For those if us expecting to be in the hills for 8-12 hours, and sometimes longer, this is actually darned important stuff. We also might want to carry spare clothes, waterproofs, spare socks, and even toilet paper, nappy bags, and a small shovel (and if you have to ask what that is for then remember I just said we were out for more than 12 hours and would be eating during that period…)
The Whistler is brilliant for this. There is a huge space for all kinds of stuff and it even has the option to be two sizes due to the expansion panel – superb idea!
In summer I actually need more room, as I will carry my jacket and possibly a fleece or thin insulating jacket. In winter I need less room but tend to carry more foodstuffs. The back of this compartment is also waterproof so you can put wet gear in it, and it has a drain hole in the bottom for the really wet stuff (or leaking water bladders). This will keep your camera safe from spills, and any excess water from your coat or waterproof cover when it stops raining and the sun comes out. I live in Scotland, I am ever the optimist.
The material itself is very robust, way more than their usual materials, and seems to be coated with a waterproof and almost rubbery top coat. This would lead me to believe the bag will perform well in wet conditions, although with zips always being the weak point, there is also a waterproof cover supplied to encase the whole bag. Of course, you can’t use that if you have anything strapped to the outside such as your tripod/skies/snowboard/climbing stuff.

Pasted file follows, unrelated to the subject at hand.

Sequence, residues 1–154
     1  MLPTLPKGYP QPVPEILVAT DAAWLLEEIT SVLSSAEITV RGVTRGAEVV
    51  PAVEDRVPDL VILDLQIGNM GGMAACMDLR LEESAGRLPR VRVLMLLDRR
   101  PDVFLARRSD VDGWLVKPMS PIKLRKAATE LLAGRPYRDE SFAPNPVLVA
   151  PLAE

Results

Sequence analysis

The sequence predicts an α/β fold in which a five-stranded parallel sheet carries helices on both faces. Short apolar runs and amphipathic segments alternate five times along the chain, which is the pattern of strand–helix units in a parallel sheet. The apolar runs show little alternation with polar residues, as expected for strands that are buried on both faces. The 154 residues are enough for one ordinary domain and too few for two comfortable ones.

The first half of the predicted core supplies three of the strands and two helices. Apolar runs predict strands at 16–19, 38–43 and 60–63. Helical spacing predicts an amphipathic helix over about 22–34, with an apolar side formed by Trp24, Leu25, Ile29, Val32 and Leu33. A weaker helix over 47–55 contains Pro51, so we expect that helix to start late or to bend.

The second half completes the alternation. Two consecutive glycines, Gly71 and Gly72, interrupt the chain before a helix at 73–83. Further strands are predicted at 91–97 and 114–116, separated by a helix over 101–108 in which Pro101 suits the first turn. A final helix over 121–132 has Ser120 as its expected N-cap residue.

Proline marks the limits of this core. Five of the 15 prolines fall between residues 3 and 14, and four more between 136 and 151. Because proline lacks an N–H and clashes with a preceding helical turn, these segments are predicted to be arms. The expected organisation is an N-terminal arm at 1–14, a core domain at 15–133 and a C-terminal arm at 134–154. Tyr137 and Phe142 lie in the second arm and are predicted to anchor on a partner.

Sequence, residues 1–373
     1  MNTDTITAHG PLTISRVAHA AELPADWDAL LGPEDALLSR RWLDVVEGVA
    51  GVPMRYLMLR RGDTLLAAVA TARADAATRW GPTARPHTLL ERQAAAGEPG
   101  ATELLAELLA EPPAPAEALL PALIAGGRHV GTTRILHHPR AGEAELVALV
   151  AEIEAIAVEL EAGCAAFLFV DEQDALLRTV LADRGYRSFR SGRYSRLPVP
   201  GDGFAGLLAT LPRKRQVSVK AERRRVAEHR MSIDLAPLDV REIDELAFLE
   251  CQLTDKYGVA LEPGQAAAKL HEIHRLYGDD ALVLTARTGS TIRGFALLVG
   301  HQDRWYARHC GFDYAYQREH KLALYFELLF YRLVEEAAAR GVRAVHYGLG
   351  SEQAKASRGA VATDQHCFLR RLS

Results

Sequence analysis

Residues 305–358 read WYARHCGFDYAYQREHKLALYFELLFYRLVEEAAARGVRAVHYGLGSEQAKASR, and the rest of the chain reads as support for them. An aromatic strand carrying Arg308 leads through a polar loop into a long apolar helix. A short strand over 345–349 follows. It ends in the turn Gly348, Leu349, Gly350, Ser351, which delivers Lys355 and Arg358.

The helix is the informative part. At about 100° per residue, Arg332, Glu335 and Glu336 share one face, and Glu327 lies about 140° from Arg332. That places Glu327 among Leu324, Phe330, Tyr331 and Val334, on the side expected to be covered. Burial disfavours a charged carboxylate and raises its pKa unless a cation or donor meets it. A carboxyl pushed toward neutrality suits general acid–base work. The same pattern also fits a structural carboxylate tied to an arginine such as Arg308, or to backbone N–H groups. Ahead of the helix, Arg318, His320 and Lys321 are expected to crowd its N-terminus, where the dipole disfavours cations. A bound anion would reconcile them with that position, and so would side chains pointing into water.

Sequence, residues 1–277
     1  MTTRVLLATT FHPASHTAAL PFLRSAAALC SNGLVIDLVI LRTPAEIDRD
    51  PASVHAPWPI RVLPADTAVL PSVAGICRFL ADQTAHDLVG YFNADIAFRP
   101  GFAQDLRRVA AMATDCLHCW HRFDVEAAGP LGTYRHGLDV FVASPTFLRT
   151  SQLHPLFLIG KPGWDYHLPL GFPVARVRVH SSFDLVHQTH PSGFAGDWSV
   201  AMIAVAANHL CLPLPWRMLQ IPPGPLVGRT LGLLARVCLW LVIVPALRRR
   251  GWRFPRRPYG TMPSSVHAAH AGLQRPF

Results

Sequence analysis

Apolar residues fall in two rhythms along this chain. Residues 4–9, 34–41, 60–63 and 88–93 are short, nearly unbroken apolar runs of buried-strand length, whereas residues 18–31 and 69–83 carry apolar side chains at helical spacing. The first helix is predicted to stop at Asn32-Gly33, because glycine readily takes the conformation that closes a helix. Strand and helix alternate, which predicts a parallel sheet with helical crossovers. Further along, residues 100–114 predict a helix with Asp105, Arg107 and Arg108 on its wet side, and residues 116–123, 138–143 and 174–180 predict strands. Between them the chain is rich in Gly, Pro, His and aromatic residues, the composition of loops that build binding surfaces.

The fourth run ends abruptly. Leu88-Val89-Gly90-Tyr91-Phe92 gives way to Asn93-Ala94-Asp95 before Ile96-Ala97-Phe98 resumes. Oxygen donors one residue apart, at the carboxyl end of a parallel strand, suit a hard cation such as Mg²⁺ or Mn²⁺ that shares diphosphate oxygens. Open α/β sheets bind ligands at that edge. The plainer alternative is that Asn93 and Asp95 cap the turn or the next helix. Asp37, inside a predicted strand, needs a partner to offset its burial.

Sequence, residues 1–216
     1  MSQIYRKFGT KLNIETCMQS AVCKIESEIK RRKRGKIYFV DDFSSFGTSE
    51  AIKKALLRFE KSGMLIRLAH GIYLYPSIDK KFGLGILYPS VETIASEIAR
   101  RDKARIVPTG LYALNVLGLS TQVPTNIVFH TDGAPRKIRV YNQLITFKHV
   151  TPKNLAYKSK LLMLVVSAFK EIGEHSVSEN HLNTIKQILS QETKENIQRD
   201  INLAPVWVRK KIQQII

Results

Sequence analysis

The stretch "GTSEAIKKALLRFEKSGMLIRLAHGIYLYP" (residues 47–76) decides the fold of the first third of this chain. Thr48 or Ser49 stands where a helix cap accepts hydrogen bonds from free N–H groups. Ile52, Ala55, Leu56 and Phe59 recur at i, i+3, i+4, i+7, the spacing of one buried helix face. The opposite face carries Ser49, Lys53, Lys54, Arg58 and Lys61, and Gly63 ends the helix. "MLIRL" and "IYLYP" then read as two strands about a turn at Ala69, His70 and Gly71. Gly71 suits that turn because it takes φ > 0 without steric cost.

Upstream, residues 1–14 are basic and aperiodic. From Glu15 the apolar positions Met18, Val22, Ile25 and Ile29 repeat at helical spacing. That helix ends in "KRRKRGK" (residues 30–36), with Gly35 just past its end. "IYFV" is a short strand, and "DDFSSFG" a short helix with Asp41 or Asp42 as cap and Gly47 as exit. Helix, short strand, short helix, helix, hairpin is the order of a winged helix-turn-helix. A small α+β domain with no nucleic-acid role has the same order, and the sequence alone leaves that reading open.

This is a problem I have yet to see a way around and I am sure that Lowepro, and others, are still figuring that one out.
There are two mesh pockets, this one (as shown) in the big personal stuff section, and another in the small personal stuff section (more of that in a minute). The waterproof cover arrived in the small one but I put in it this one as it made more sense to me. Waterproof cover in the section that is drainable and waterproof from the camera section of the bag, not the section that would drip it over the camera section and everything else like my phone/keys/wallet. But that might be me.
The small personal section is actually big enough to get snacks in, as well as your personal items as listed above. It sits on the top of the bag and has two key clips (one inside the mesh pocket and one out). I didn’t photograph it but it is larger than I thought it would be.
On one side of the bag is an expanding pocket that doesn’t expand that much, and within it are two small envelope pockets. These look quite good until you realise there is no way to do them up. A little bit of velcro, like the pouch dividers have, would be great here. Otherwise, if you leave the zip open and tilt the bag, even slightly, backwards, everything in them falls out. I am using it for a notebook and pen, and the larger expanding pocket for maps. I wouldn’t put anything else in there really. It is the only flaw to the design I can see so far.